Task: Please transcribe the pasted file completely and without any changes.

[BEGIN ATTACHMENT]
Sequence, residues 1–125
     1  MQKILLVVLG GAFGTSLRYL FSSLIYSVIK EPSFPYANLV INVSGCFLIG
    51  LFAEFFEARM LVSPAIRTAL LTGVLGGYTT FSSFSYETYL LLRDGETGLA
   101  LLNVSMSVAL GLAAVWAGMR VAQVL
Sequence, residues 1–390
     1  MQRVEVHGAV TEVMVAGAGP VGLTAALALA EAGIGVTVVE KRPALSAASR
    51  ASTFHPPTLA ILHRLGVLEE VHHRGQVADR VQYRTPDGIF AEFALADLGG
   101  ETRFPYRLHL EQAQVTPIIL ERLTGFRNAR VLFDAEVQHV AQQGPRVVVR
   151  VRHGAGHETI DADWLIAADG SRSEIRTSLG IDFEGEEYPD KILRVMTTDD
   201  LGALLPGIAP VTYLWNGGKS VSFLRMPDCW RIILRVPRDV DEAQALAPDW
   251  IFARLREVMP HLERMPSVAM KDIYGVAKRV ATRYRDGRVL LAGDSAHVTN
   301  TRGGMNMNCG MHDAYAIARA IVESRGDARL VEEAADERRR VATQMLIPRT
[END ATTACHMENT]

Sequence, residues 1–125
     1  MQKILLVVLG GAFGTSLRYL FSSLIYSVIK EPSFPYANLV INVSGCFLIG
    51  LFAEFFEARM LVSPAIRTAL LTGVLGGYTT FSSFSYETYL LLRDGETGLA
   101  LLNVSMSVAL GLAAVWAGMR VAQVL
Sequence, residues 1–390
     1  MQRVEVHGAV TEVMVAGAGP VGLTAALALA EAGIGVTVVE KRPALSAASR
    51  ASTFHPPTLA ILHRLGVLEE VHHRGQVADR VQYRTPDGIF AEFALADLGG
   101  ETRFPYRLHL EQAQVTPIIL ERLTGFRNAR VLFDAEVQHV AQQGPRVVVR
   151  VRHGAGHETI DADWLIAADG SRSEIRTSLG IDFEGEEYPD KILRVMTTDD
   201  LGALLPGIAP VTYLWNGGKS VSFLRMPDCW RIILRVPRDV DEAQALAPDW
   251  IFARLREVMP HLERMPSVAM KDIYGVAKRV ATRYRDGRVL LAGDSAHVTN
   301  TRGGMNMNCG MHDAYAIARA IVESRGDARL VEEAADERRR VATQMLIPRT